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Are Almonds Good For Weight Loss? 6 Surprising Benefits 2023


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Medically reviewed by Dr G. Michael DiLeo, MD

are almonds good for weight loss

Almonds are packed full of healthy fats and are a great source of protein. They are an excellent nutrient-dense food source, making them a great option for a healthy snack or an addition to any main meal. 

Due to the nutritional composition of almonds, they offer several health benefits. Does this mean almonds are good for weight loss? Keep reading to discover how these healthy nuts can be part of your weight loss journey. 

Are Almonds Healthy For Weight Loss?

What Are Almonds? 

Almonds[1] are tree nuts and are grown on almond trees, also known as Prunus dulcis. Almonds originated in south-central Asia and grew in Mediterranean climates. Almonds were first discovered around 5.88 million years ago.  

Most almonds are commercially cultivated today, but roughly 30 wild species still exist. While almonds have evidently been popular for many years, consumer demand has grown over the past 10 years. California is the largest producer globally, accounting for 65% of the world’s almond production. 

The increased popularity is attributed to the nutritional benefits of almonds. While almonds can be eaten whole and raw, they are frequently bought pre-roasted and seasoned and can be pre-halved or sliced.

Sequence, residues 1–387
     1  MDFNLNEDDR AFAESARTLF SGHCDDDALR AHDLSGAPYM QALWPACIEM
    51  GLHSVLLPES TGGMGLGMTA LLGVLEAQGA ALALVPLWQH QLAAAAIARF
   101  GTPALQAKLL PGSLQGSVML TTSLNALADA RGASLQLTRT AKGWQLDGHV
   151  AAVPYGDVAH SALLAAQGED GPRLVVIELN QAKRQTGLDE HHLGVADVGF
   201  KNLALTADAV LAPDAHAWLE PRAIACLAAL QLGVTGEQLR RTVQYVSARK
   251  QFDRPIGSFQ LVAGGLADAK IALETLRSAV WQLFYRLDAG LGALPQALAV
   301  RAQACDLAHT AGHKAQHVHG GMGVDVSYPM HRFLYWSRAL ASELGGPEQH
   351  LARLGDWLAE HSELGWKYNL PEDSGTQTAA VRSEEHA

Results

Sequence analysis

Many other almond products, such as almond milk, almond butter, and almond paste, are also available. 

Almonds Weight Loss 

Almonds[2] are a great source of healthy monounsaturated fats and also contain healthy polyunsaturated fat. They contain many essential vitamins and minerals and are a source of dietary fiber, phytosterols, and polyphenols. 

Consuming monounsaturated fats and polyunsaturated fats in place of saturated fat is recommended by the Dietary Guidelines for Americans[3] as part of a healthy lifestyle. 

Further, there has been research[4] that has shown nuts, despite being energy dense, do not cause weight gain but rather promote weight loss and fat loss by decreasing insulin resistance.

Do Almonds Help You Lose Weight?

As almonds are a source of monounsaturated fats and polyunsaturated fats, consuming almonds can be part of a healthy diet. Eating a healthy diet will assist in both losing weight and maintaining a healthy weight. 

Is almond butter good for weight loss? Almond butter[5] also contains healthy unsaturated fats. Consuming almond butter can be part of a healthy diet if consumed in moderation alongside a variety of whole foods.

Nutrition Facts Of Almonds

As mentioned above, almonds are highly nutritious. The specific nutrition facts are listed below.

Nutrition facts[6] for a one-quarter cup of unroasted and unseasoned whole almonds (36 grams):

  • Energy (calories): 207 kilocalories
  • Protein: 7.5 grams
  • Fat: 17.85 grams
    • Saturated Fat: 1.36 grams
    • Monounsaturated Fat: 11.3 grams
    • Polyunsaturated Fat: 4.4 grams
  • Carbohydrates: 7.73 grams
    • Fiber: 4.48 grams
    • Sugars: 1.56
  • Calcium: 96.25 milligrams
  • Magnesium: 96.5 milligrams
  • Phosphorous: 172 milligrams
  • Potassium: 262.5 milligrams 
  • Sodium: 0.36 milligrams
  • Folate: 15.73 micrograms
  • Vitamin E: 9.15 micrograms